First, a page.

Union queries criteria used for judging growers
NFU beet committee chairman Matt Twidale, who farms in Nottinghamshire, has a hard task.
On the one hand he represents established growers who guard quota allocations jealously. But he must also look to the interests of those outside who hope to obtain beet contracts. At present there is little chance of them doing so.
Mr Twidale objects to BSs likely requirement for greater power to remove contracts from growers who in its eyes fail to produce beet in an acceptable way. They should be allowed to grow the crop as they wish, with economics forcing them to improve efficiency, he says.
If a lower input system suits a particular farm then, if growers fill their contracts, they should be left to get on with it, says Mr Twidale. But BS is increasingly interested in husbandry, in particular cutting use of farmyard manure and poultry muck.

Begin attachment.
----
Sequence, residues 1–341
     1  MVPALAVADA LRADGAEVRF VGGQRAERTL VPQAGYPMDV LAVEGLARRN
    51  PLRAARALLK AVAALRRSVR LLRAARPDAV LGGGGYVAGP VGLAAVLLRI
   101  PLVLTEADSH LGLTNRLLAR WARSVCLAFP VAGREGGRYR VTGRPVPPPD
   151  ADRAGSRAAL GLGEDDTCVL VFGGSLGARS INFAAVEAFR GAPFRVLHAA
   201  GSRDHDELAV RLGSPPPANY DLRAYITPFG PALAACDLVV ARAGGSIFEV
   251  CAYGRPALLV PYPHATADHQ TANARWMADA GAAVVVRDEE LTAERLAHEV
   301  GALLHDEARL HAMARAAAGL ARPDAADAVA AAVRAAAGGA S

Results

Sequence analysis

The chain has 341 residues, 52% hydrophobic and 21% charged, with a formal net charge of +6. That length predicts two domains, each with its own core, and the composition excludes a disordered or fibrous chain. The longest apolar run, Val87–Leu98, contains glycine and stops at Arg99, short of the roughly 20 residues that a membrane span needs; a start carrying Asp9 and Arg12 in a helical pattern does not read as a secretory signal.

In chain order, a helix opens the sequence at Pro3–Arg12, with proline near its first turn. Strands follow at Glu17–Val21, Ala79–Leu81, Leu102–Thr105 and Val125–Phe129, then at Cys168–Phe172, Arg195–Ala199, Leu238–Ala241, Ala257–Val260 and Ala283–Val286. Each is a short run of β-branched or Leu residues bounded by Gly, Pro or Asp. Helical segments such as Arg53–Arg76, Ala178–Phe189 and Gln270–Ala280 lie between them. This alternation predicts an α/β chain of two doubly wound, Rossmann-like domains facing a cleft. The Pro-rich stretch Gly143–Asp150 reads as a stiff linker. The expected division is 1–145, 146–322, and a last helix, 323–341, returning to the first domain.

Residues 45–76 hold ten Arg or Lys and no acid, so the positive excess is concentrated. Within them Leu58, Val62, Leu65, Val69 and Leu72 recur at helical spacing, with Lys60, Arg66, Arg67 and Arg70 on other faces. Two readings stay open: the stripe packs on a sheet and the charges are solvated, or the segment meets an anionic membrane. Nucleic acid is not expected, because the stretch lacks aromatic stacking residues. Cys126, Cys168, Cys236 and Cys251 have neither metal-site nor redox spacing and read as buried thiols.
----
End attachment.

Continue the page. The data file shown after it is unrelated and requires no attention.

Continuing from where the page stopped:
Mr Twidale questions BSs criteria for judging growers on a league table basis using dirt, tare, purity, C beet and yield as the measures of efficiency. He fears the firm will become much keener on these issues, using them as a way to remove tonnage from those it sees as inefficient. "It is a one-way system – you can have quota removed but you can never regain it.
"There is a nucleus of good growers who have invested a lot of money and expertise in the crop," he says. "They have stuck with it, and the choice of how to grow the crop should be left to growers."
The issue of quality payments for beet delivered over the contract standard is also likely to come up. While penalties apply for beet of poorer than standard quality, no premium is currently paid for better quality roots. *